1.1 Listing files and directories

ls (list)

When you first login, your current working directory is your home directory. Your home directory has the same name as your user-name, for example, compsci-user, and it is where your personal files and subdirectories are saved.

To find out what is in your home directory, type

compsci-user@tim:~$ ls

The ls command ( lowercase L and lowercase S ) lists the contents of your current working directory.

There may be no files visible in your home directory, in which case, the UNIX prompt will be returned. Alternatively, there may already be some files inserted by the System Administrator when your account was created.

ls does not, in fact, cause all the files in your home directory to be listed, but only those ones whose name does not begin with a dot (.) Files beginning with a dot (.) are known as hidden files and usually contain important program configuration information. They are hidden because you should not change them unless you are very familiar with Linux!

To list all files in your home directory including those whose names begin with a dot, type

compsci-user@tim:~$ ls -a

As you can see, ls -a lists files that are normally hidden.

ls is an example of a command which can take options: -a is an example of an option. The options change the behaviour of the command. There are online manual pages that tell you which options a particular command can take, and how each option modifies the behaviour of the command. (See later in this tutorial)

1.2 Making Directories

mkdir (make directory)

We will now make a subdirectory in your home directory to hold the files you will be creating and using in the course of this tutorial. To make a subdirectory called unixstuff in your current working directory type

compsci-user@tim:~$ mkdir testdir

To see the directory you have just created, type

compsci-user@tim:~$ ls

1.3 Changing to a different directory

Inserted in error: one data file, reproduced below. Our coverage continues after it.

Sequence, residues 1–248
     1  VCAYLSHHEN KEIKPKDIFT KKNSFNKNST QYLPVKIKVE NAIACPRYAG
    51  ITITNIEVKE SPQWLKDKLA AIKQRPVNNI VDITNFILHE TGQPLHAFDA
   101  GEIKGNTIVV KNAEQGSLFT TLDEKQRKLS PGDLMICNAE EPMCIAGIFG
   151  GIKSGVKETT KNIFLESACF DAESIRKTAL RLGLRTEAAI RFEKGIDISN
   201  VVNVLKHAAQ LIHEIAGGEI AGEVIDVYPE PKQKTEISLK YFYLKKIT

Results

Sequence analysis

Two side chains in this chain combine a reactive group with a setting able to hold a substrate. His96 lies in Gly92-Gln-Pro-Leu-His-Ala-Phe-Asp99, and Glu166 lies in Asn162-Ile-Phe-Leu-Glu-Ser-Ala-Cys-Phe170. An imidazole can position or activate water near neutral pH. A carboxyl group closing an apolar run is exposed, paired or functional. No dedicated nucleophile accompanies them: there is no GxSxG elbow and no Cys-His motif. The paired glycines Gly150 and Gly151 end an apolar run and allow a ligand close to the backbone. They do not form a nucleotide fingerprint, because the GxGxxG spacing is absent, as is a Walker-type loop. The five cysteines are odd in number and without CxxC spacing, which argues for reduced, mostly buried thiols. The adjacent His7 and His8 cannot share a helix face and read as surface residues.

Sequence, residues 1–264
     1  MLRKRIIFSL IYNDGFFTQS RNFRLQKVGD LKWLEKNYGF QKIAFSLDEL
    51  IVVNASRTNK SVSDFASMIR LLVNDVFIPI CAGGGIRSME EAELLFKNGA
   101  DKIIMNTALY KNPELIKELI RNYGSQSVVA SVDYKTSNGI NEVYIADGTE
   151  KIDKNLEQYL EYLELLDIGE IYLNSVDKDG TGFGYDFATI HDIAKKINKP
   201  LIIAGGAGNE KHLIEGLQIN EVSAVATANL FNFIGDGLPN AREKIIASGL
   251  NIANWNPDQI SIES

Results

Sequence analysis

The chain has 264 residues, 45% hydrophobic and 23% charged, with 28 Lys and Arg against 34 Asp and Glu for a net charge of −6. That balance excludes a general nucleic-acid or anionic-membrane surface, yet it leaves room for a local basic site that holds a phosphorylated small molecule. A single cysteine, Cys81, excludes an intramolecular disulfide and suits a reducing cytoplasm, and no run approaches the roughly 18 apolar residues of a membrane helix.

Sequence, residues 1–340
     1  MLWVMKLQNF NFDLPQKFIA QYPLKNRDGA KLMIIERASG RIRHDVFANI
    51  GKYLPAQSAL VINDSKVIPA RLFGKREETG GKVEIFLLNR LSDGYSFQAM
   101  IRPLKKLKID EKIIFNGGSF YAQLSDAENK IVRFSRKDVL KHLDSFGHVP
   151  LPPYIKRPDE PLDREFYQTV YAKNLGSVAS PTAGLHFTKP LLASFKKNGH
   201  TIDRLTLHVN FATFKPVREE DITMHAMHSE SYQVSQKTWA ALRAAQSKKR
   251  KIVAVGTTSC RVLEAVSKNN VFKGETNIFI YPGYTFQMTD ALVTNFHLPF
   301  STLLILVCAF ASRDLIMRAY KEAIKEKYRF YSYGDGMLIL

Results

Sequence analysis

cd (change directory) The command cd directory means change the current working directory to 'directory'. The current working directory may be thought of as the directory you are in, i.e. your current position in the file-system tree.

To change to the directory you have just made, type

compsci-user@tim:~$ cd testdir

Type ls to see the contents (which should be empty)

Exercise

Make another directory inside the testdir directory called backups

1.4 The directories . and ..

Still in the testdir directory, type

compsci-user@tim:~$ ls -a

As you can see, in the testdir directory (and in all other directories), there are two special directories called (.) and (..)

The current directory (.)

In Linux, (.) means the current directory, so typing

compsci-user@tim:~$ cd .
NOTE: there is a space between cd and the dot

means stay where you are (the testdir directory).

This may not seem very useful at first, but using (.) as the name of the current directory will save a lot of typing, as we shall see later in the tutorial.

The parent directory (..)

(..) means the parent of the current directory, so typing

compsci-user@tim:~$ cd ..

will take you one directory up the hierarchy (back to your home directory). Try it now.

Note: typing cd with no argument always returns you to your home directory. This is very useful if you are lost in the file system.

1.5 Pathnames

pwd (print working directory)

Pathnames enable you to work out where you are in relation to the whole file-system. For example, to find out the absolute pathname of your home-directory, type cd to get back to your home-directory and then type

compsci-user@tim:~$ pwd

The full pathname will look something like this -

  • /home/compsci-user/

which means that compsci-user (your home directory) which is in the home sub-directory, which is in the top-level root directory called “ / ” .

Exercise

Use the commands cd, ls and pwd to explore the file system.

(Remember, if you get lost, type cd by itself to return to your home-directory)

1.6 More about home directories and pathnames

Understanding pathnames

First type cd to get back to your home-directory, then type

compsci-user@tim:~$ ls testdir

to list the contents of your testdir directory.

Now type

compsci-user@tim:~$ ls backups
  • backups: No such file or directory

The reason is, backups is not in your current working directory. To use a command on a file (or directory) not in the current working directory (the directory you are currently in), you must either cd to the correct directory, or specify its full pathname. To list the contents of your backups directory, you must type

compsci-user@tim:~$ ls testdir/backups

~ (your home directory)

Home directories can also be referred to by the tilde ~ character. It can be used to specify paths starting at your home directory. So typing

compsci-user@tim:~$ ls ~/testdir

will list the contents of your unixstuff directory, no matter where you currently are in the file system.

What do you think

compsci-user@tim:~$ ls ~

would list?

What do you think

compsci-user@tim:~$ ls ~/..

would list?

Summary

Command Command
ls list files and directories
ls -a list all files and directories
mkdir make a directory
cd directory change to named directory
cd change to home-directory
cd ~ change to home-directory
cd .. change to parent directory
pwd display the path of the current directory